"About 15 - that young enough for you, Martin? And to follow one rhetorical question with several more, what in God's name is the point of band T-shirts anyway? To show your allegiance to a band? Do you think anyone else cares? To impress onlookers with your esoteric musical knowledge? See previous reply. To make people stare at your bony chest? Again, I refer you to the first answer. To show that you once attended a live gig? Wow, like, a pair of golden headsets to the guy in the Nirvana '91 T-shirt. In case you happen to bump into the lead singer on the street, he sees that the two of you are kindred souls and therefore invites you to join his band and you then go on the road and have all the manly bonding sessions followed by groupies that your heart could desire? OK, I'll give you that one, although this does suggest that you still harbour the fantasy that you might bump into Joey Ramone in Waterstone's.

"As for ladies in band T-shirts, give me a fricking break. First, gals, a badly cut, poorly made, oversized T-shirt is good for nothing other than wearing to bed and the gym. Second, too often women who wear band T-shirts appear to be going for what we shall call Groupie Chic. It is a style amply modelled by Kate Moss in recent years, and can pretty much be summed up as skinny faded black jeans, ankle boots, a ripped band T-shirt and a cropped fur jacket. In other words, a girlified version of Marc Bolan's or Keith Richards' wardrobe, as though the woman has been so busy, um, sleeping on the band bus she hasn't had time to clean her clothes, so she's now wearing ones belonging to her musical companion. This column has no time for such nonsense."

Tracer Hand, Monday, 3 September 2007 14:19 (7 years ago) Permalink

Yeah, because women have *no* interest in music whatsoever except for sleeping with musicians. What CENTURY is this cretin from?

Masonic Boom, Monday, 3 September 2007 14:21 (7 years ago) Permalink

I think I stopped wearing band T-shirts by the time I was 23. It wasn't necessarily a conscious move tho. I doubt I will ever wear one again tho - I guess it seems lame unless it's an old obscure or overlooked thus hip act (even this I dunno about). I don't notice many people over 20 wearing them. Does Matt DC still have that Save Ferris T?

I only want to sleep with musicians if they are hot as they are (their musical ability is pretty irrelevant in fact).

blueski, Monday, 3 September 2007 14:29 (7 years ago) Permalink

dear teh grauniad - a long time ago/we used to be friends...

CharlieNo4, Monday, 3 September 2007 14:32 (7 years ago) Permalink

It went downhill after I left.

Dom Passantino, Monday, 3 September 2007 14:33 (7 years ago) Permalink

or were you PUSHED?

blueski, Monday, 3 September 2007 14:35 (7 years ago) Permalink

heh. (sorry alex, no harm intended)

CharlieNo4, Monday, 3 September 2007 14:36 (7 years ago) Permalink

xp

Dom Passantino, Monday, 3 September 2007 14:36 (7 years ago) Permalink

i was being harsh really. i don't care what's on other people's t-shirts that much. just trying to work out why i stopped wearing/wouldn't wear band t-shirts myself.

blueski, Monday, 3 September 2007 14:37 (7 years ago) Permalink

Any t-shirt which isn't plain white clearly sucks that's why.

aaaaaaaaaaaaaaaaaaaaaaaaaa, Monday, 3 September 2007 14:38 (7 years ago) Permalink

i couldn't agree less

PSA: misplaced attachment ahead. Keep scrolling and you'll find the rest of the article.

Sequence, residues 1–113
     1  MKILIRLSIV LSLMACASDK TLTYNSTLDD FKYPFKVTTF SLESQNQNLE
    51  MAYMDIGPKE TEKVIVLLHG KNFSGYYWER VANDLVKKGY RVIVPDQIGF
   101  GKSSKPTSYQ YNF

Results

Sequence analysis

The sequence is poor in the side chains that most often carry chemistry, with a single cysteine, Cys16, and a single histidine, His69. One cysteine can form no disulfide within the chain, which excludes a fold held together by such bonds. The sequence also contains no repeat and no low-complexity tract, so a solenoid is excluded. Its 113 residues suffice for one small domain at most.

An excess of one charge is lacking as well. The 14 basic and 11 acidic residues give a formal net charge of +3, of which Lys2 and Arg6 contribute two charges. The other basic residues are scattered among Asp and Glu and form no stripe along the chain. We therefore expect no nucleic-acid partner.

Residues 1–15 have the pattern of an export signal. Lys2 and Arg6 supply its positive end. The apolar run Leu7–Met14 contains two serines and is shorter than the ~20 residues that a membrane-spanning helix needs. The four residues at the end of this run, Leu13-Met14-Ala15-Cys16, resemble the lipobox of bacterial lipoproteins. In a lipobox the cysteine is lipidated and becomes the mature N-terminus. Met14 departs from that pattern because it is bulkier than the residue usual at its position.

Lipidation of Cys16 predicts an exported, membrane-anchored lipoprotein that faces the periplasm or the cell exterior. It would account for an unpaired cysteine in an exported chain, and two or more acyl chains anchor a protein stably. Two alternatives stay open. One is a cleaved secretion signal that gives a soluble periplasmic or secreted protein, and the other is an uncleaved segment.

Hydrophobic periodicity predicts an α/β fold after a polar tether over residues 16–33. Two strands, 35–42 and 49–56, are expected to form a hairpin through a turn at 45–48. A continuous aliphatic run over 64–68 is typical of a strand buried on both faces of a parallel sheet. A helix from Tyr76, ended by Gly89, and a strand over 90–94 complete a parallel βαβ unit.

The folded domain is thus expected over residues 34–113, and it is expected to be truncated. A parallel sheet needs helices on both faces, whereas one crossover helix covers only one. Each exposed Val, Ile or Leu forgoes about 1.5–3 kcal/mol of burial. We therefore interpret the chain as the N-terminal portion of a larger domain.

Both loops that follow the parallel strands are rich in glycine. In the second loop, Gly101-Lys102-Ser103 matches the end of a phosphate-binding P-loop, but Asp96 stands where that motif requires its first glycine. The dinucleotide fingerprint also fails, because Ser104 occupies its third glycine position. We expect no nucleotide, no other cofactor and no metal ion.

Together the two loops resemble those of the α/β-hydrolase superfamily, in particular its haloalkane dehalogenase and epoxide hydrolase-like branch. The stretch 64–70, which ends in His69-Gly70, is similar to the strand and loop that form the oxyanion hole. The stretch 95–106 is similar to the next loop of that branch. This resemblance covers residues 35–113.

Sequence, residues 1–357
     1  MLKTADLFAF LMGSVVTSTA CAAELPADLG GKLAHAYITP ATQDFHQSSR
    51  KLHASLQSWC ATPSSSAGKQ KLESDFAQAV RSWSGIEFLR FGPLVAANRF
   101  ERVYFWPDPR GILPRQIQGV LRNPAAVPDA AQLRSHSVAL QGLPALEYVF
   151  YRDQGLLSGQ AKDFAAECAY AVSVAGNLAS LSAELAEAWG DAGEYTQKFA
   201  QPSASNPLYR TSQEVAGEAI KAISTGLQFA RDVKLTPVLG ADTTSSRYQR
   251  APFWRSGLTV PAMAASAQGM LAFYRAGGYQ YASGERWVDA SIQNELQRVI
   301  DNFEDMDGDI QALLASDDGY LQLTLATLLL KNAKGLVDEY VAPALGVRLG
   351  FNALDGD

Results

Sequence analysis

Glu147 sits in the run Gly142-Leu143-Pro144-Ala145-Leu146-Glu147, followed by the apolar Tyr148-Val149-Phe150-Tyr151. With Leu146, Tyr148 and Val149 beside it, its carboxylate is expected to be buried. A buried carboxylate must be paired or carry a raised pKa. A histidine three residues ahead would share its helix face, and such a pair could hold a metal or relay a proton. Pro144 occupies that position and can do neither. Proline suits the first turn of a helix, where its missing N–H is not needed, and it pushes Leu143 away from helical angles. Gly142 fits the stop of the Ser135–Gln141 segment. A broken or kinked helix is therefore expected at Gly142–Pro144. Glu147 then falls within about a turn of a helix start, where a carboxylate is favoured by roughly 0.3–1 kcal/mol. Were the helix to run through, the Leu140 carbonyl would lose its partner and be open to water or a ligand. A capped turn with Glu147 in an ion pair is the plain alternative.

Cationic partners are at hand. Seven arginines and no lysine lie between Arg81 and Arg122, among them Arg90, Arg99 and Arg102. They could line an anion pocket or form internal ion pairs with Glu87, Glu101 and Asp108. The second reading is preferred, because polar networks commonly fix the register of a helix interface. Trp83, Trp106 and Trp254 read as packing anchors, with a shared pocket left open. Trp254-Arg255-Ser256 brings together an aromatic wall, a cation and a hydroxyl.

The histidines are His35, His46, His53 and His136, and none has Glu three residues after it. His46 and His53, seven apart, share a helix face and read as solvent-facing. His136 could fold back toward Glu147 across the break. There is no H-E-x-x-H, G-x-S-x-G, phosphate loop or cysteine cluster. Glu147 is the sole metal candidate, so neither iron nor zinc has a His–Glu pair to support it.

blueski, Monday, 3 September 2007 14:40 (7 years ago) Permalink

I still wear band t-shirts if I like the band. Why not? I don't *define* myself or my personality by my music tastes any more, I haven't done that since I was about 18. But that's not the same thing as wearing a band t-shirt.

I suppose the fashion journalist in discussion cannot fathom the idea that clothes are just something you put on, rather than a definition of or statement about your personality.

This is definitely something that happens as you age - or rather, has happened to me as I aged. There's a subtle difference between Statement Clothes and just things you put on.

Masonic Boom, Monday, 3 September 2007 14:40 (7 years ago) Permalink

Guardian editorial worldview circa 2007:

tissp, Monday, 3 September 2007 14:41 (7 years ago) Permalink

why else would you buy a band t-shirt if not as a statement or definition of personality?

blueski, Monday, 3 September 2007 14:44 (7 years ago) Permalink

I didn't know it was a band t-shirt okay?

Matt DC, Monday, 3 September 2007 14:45 (7 years ago) Permalink

because you're cold xp

tissp, Monday, 3 September 2007 14:45 (7 years ago) Permalink

In the past I've usually just bought them as a keepsake of a gig I've enjoyed. The piece tracer quotes is idiotic fluff, obv. I'd be embarrased to admit I'd written that.

Pashmina, Monday, 3 September 2007 14:46 (7 years ago) Permalink

Because you like the design? Because you like the music? Because it was given to you (this is where most of mine come from)? Because it was a souvenier?

x-post

Masonic Boom, Monday, 3 September 2007 14:46 (7 years ago) Permalink

you wouldn't actually buy a band t-shirt because you liked the design but not necessarily the band tho...would you?

because you like the music = statement/definition of you/your taste

given to you = not you buying

blueski, Monday, 3 September 2007 14:48 (7 years ago) Permalink

you wouldn't actually buy a band t-shirt because you liked the design but not necessarily the band tho...would you?

No, plus I've only ever bought them @ gigs.

because you like the music = statement/definition of you/your taste

Probably yeah, but w/smaller bands there's also the knowledge that in buying it, yr helping to supposrt the tour.

Pashmina, Monday, 3 September 2007 14:50 (7 years ago) Permalink

i actually bought a comets on fire t-shirt solely because the design was so awesome. (it was at a gig, but they hadn't come on stage yet.) then i heard the music and i liked that too. i suppose if i hadn't liked their music, or thought it was boring, it would have posed a problem.

a friend of mine, who shall remain nameless so that alex in nyc doesn't stalk and kill him, bought a huge iron maiden patch when he was 14 and sewed it across the shoulders of his denim jacket. he had never heard a note of iron maiden, but he wound up becoming the biggest iron maiden fan i know, and even sung in a band later, where his vocal style was almost inseparable from bruce dickinson's.